Manage Your Legacy Through a Living Trust

Dan Nigito
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Posted: Oct 27, 2010 10:56 AM

A Revocable Living Trust is a multi-dimensional planning document that can prove to be an invaluable tool in your estate plan. By creating and funding one of these bad boys you will eliminate confusion and delay both during your lifetime and at death.

A revocable living trust acts as a separate legal entity, which holds and distributes your property. Because it transfers assets outside your Will it avoids the probate process. The “revocable” part is important because it means that you can change all aspects of the Trust at any time, or end the Trust completely. The fact that you can change or terminate the Trust means that the assets in it are still part of your taxable estate. A Living Trust in not a tax avoidance tool. Rather, it is a probate avoidance and estate management tool. It is a part of the wealth preservation and transfer process to be used in conjunction with the other estate planning tools I’ll cover in future articles.

When funded during your lifetime, there are two major benefits of your Living Trust. First, it avoids the expense, publicity, and delay of probate. Second, it provides uninterrupted management of your family’s assets upon disability and death.

Probate Avoidance

Assets that are transferred to your heirs via your Will are subject to probate. A Living Trust is, in fact, a Will substitute. Where probate is a public document open to inspection at your county courthouse, a Living Trust is private. No one can find out anything about what you gave and to whom you gave it. The probate process ranges from a minimum of 9 months to well over a couple of years before assets can be distributed to your heirs. At death, a Living Trust changes title to the next heir in line. It takes about a couple of weeks. Your Successor Trustee reads your instructions and distributes the assets according to your wishes. Finally, the cost of probate is going to average about 2%-4% of your gross estate. That is a lot of money. While you may incur some accounting fees for estate tax return preparation, and some minor administrative costs, the Living Trust will save you a boatload of cash.

One last probate avoidance benefit of a Living Trust is that it will avoid probate everywhere that you own property. If you live in one state and own a vacation home in another, that property must go through probate in that state. Living Trusts cross state lines and therefore all your real estate will avoid probate wherever it is located!

Uninterrupted Management

Assuming you act as your own trustee (see the last section below), you remain in constant control of your Living Trust and all of the assets in it as long as you are competent to do so. Nothing really changes from how you manage your assets today.

If you are unable to manage your own financial affairs on a day-to-day basis because of a debilitating illness, or that you just don’t want to do it anymore, a Living Trust can be the best friend your estate ever had. Your Living Trust spells out that if anything happens to you, your Successor Trustee will take over in a heartbeat with no costs, no delays. Assets can be bought or sold, social security checks may be deposited in your name. Life goes on. The Successor Trustee that you have named steps in to manage your affairs until you are back on your feet and can take over the reins. Often we name our spouse as the Successor Trustee, with the kids to follow. The Successor Trustees don’t step in until you need them. Your assets remain intact and family squabbles are vanquished. A Living Trust doesn’t just preserve and protect your wealth; it preserves and protects your peace of mind.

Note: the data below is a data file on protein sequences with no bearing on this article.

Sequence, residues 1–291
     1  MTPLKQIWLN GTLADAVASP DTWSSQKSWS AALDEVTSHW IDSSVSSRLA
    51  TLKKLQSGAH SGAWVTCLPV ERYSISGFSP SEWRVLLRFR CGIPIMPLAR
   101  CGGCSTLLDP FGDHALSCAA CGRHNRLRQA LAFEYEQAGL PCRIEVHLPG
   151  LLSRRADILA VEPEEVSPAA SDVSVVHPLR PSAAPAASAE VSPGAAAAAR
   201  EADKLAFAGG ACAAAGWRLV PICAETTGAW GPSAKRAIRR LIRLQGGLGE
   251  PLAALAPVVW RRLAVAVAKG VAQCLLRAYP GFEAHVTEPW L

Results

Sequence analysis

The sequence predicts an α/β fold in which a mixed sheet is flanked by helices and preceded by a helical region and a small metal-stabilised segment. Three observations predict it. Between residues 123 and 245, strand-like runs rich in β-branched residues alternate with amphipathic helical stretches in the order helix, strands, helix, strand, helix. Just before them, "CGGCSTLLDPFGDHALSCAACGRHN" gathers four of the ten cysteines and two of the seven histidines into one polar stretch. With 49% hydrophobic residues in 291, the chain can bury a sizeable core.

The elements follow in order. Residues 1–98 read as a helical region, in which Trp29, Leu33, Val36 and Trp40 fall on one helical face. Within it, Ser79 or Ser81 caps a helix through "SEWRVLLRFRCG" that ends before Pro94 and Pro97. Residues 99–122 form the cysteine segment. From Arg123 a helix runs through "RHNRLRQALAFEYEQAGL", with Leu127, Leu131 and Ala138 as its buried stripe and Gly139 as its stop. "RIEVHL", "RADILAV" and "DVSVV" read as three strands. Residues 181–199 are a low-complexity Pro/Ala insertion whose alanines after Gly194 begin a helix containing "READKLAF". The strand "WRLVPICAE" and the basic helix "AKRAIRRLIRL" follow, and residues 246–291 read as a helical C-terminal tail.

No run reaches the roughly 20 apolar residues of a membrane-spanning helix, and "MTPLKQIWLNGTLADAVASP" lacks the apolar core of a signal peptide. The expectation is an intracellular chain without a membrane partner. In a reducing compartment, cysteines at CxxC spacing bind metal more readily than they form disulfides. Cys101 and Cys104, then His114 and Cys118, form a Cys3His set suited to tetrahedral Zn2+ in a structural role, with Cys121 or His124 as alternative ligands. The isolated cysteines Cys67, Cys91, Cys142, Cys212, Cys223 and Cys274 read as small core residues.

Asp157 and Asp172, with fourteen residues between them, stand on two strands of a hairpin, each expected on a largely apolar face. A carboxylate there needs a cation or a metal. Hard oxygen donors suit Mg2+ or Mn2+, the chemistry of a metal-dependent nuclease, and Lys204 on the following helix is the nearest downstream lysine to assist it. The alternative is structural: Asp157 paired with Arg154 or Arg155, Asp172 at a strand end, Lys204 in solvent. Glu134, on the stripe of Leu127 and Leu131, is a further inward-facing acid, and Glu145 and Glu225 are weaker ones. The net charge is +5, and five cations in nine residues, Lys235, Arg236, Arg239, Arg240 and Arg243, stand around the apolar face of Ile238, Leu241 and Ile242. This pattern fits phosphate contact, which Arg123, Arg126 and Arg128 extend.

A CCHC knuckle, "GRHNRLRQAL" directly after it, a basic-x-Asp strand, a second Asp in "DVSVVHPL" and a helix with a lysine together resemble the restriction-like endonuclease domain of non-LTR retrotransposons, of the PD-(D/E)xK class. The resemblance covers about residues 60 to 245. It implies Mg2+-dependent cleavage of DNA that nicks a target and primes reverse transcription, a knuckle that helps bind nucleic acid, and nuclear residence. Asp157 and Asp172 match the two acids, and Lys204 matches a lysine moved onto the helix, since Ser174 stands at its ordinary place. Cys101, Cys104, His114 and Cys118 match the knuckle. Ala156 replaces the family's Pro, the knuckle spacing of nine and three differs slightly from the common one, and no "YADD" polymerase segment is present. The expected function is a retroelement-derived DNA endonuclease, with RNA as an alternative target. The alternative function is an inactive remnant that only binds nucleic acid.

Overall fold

Who's in Control?

Here is the most important thing I will tell you about the Living Trust: For it to be effective it must be funded while you are alive. Only assets that are “owned” by the Trust at the time of death are free from probate. Only assets owned the Trust at the time of disability may enjoy uninterrupted management. It is pretty simple to understand and the most overlooked aspect of estate planning. Simply put, the ownership of the property that you want to place into the Trust, must change from you (or your spouse) to Trust. The control of the asset management would be in the hands of your the Living Trust Trustee. Unless there is some medical or other reason to the contrary, you should always be the Trustee of your own Trust. In other words, you change control from you “the person” to you “the trustee” That way you’ll maintain complete control over the management and distribution of your assets.

For example, property currently owned by John Smith would change to John Smith, Trustee of the John Smith Revocable Trust. John still controls and manages the property in the Trust that he can change or end. Further, the Trustee that takes over in case you cannot perform your duties as Trustee, (kind of like the runner-up in the Miss America Pageant) is the Successor Trustee. That person could be a spouse, child, another family member or a combination of two or more people acting together. The bottom line is that if you cannot manage your Trust through disability or death, the Trust continues on without missing a beat.

One last thought, don’t “do-it-yourself.” Always seek the advice of a professional advisor. This is not a document you want to take an chances with so spend the money and see an attorney to do the job right. However, please heed this last word of advice, if the attorney you talk with advises you against using a Living Trust, maybe you should look for another one.